Presidio City Council passes new water rates ordinance 

PRESIDIO — At Monday night’s regular meeting, Presidio City Council finally passed new water rates for customers who use more than 2,000 gallons of water a month. The ordinance has been in the works for several months, and city officials have met multiple times to discuss how to raise the price fairly to reflect the pace of inflation without gouging older, fixed-income residents. 

“We’re kind of playing catch up,” Malynda Richardson, the city’s chief financial officer, explained to the Presidio International back in January. Typically, cities will raise their water rates every year so that consumers aren’t suddenly hit with bigger bills, but Presidio’s water rates haven’t been raised in five years. 

Former Mayor Alcee Tavarez was on city council in 2017, the last time Presidio’s water rates were raised. The city currently uses a model that uses a fixed rate below 2,000 gallons per month, and hikes rates as use increases with each additional 1,000 gallons of water. “It was done so as not to affect the senior citizens,” he explained. “They’re the bulk of our community.” 

With the new rates, the city hopes to keep the spirit of the 2017 ordinance alive. “We didn’t touch the minimum,” Richardson explained. “So if you can conserve your water, you’re not going to get hit with a rate increase.”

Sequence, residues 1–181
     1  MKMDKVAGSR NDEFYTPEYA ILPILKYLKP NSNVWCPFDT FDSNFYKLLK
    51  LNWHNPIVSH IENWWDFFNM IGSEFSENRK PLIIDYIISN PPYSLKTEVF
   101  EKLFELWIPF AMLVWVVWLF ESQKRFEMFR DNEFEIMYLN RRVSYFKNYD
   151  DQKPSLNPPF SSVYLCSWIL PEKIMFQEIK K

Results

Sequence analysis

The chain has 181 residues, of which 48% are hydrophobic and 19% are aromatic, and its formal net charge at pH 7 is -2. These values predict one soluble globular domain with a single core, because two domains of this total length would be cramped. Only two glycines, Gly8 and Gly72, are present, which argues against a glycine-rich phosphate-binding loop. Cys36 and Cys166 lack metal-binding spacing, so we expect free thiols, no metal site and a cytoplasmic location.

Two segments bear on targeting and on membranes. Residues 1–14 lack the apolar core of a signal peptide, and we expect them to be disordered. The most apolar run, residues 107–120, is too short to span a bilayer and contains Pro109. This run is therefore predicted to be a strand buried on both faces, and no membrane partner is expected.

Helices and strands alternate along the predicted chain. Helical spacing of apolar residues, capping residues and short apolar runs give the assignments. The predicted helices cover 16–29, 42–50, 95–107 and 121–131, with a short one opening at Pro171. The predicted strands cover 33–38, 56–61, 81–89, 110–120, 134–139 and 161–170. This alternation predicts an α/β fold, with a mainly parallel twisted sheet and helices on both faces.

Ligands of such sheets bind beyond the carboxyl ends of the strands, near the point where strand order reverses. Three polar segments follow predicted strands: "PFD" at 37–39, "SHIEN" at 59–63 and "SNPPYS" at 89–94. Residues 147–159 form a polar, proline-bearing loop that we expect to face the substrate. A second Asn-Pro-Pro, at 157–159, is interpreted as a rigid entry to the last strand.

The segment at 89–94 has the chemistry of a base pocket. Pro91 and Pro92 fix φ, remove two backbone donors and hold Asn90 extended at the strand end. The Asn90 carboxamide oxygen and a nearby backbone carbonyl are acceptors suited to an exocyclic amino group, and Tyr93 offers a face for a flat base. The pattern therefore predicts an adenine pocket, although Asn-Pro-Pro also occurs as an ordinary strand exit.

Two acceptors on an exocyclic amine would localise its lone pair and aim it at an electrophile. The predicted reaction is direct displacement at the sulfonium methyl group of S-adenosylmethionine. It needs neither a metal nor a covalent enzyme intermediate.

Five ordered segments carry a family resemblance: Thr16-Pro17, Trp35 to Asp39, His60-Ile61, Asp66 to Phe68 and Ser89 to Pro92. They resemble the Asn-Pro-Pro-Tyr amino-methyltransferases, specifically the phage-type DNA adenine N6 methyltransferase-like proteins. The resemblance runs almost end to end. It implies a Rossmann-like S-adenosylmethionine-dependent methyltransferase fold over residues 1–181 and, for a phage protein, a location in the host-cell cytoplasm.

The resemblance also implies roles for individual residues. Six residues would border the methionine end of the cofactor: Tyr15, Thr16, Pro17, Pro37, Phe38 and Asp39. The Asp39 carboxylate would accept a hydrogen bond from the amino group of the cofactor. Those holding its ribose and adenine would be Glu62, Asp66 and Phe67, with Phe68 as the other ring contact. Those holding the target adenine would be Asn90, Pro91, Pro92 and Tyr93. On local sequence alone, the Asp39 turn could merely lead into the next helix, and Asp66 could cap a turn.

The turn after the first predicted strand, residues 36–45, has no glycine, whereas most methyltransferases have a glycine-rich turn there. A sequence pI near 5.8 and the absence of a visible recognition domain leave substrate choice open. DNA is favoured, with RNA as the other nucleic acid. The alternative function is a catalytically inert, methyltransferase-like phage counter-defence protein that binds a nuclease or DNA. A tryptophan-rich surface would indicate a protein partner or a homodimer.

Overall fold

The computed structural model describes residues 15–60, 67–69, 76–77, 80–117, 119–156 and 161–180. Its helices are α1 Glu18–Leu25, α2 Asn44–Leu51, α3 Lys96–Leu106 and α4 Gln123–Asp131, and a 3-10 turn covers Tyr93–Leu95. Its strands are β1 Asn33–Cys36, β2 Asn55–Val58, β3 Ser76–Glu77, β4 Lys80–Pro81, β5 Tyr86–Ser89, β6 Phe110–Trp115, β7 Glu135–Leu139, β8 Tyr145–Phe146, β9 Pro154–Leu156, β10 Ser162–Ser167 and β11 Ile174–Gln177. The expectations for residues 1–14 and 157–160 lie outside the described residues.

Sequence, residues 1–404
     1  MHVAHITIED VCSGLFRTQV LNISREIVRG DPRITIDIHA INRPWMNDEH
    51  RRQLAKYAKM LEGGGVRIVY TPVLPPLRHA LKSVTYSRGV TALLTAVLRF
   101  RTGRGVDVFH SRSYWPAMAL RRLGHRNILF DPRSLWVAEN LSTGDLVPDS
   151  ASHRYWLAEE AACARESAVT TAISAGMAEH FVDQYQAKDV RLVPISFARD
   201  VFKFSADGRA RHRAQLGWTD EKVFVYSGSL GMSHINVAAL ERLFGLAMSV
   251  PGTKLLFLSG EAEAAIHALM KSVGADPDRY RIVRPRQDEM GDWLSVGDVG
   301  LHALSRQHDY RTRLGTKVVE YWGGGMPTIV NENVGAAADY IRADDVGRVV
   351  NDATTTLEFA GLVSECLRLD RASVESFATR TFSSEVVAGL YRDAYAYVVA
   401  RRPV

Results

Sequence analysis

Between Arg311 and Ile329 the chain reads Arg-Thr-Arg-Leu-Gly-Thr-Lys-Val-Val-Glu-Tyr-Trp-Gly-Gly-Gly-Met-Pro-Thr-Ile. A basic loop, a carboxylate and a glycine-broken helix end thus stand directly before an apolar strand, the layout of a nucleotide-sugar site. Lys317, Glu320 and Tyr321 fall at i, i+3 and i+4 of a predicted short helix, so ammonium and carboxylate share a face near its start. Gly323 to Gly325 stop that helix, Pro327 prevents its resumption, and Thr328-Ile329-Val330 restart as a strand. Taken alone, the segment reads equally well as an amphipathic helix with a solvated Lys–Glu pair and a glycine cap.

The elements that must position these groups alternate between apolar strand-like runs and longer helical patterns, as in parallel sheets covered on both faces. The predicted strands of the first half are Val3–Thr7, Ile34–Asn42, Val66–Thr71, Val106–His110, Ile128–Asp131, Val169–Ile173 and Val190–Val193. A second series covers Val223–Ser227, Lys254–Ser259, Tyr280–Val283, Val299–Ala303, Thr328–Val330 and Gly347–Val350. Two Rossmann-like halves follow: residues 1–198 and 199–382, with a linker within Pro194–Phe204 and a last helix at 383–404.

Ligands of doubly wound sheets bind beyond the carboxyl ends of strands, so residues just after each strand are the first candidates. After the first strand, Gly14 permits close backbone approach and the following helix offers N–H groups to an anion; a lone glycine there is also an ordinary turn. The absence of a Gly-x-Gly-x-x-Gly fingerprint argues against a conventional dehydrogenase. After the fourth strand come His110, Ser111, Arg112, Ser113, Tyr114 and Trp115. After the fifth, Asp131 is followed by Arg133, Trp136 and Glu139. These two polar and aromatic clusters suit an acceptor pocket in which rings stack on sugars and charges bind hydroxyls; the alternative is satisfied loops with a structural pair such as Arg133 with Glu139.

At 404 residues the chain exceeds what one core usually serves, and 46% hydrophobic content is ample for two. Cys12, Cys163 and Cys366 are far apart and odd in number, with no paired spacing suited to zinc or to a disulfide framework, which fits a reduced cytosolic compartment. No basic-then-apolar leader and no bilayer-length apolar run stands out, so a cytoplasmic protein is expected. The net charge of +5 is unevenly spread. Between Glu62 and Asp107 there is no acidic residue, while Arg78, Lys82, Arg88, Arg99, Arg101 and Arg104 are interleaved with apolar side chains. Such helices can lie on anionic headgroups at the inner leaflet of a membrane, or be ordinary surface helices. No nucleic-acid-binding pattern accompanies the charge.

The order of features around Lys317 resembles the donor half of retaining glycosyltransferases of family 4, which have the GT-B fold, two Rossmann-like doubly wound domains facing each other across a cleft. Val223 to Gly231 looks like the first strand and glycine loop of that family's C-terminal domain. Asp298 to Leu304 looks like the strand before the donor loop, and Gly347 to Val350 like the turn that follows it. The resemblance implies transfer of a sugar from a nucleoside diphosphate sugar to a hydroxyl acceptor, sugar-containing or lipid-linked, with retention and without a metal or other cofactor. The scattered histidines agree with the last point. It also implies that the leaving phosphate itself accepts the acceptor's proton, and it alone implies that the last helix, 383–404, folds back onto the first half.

The ordinance sets the water rate at $12.22 with a $3.50 increase per thousand gallons for residential customers with a three-quarters inch meter, and $14.89 with the same $3.50 increase per thousand gallons for customers with a one inch meter. Customers living outside of city limits face a 50 percent surcharge for hookups and services, but if they successfully petition for their property to be incorporated into the city, they will pay the same prices as other Presidio residents. The city will also require a $150 deposit for all new residential customers. 

At Monday’s meeting, council also received an update from Ramon Carrasco of Kleinman Consultants and Cesar Leyva of Presidio Water & Sewer Department on how the city is using federal American Rescue Plan Act (ARPA) funds to address problems with the city’s aging sewer system. The city’s work order system was the subject of scorn back in November, when members of the public turned out to a city council meeting to get answers on water leaks that had been documented and unaddressed for years. 

Leyva said his department has been hard at work installing new meters to address the problem, and has also been helping homeowners put in or repair backflow valves that keep the city’s water supply safe. The ARPA funds have been instrumental in helping combat the supply chain issues that have hit construction projects of all kinds across the world since the pandemic.

“The city has been working with a lot of grants, but we as a community still need to understand that there is inflation, and that we have not had any raise at all in the past five years,” explained Councilmember Arian Velázquez-Ornelas. “[The rate increase] only applies after 2,000 gallons, so we are protecting our elders and our smaller families. We are definitely thinking ahead.”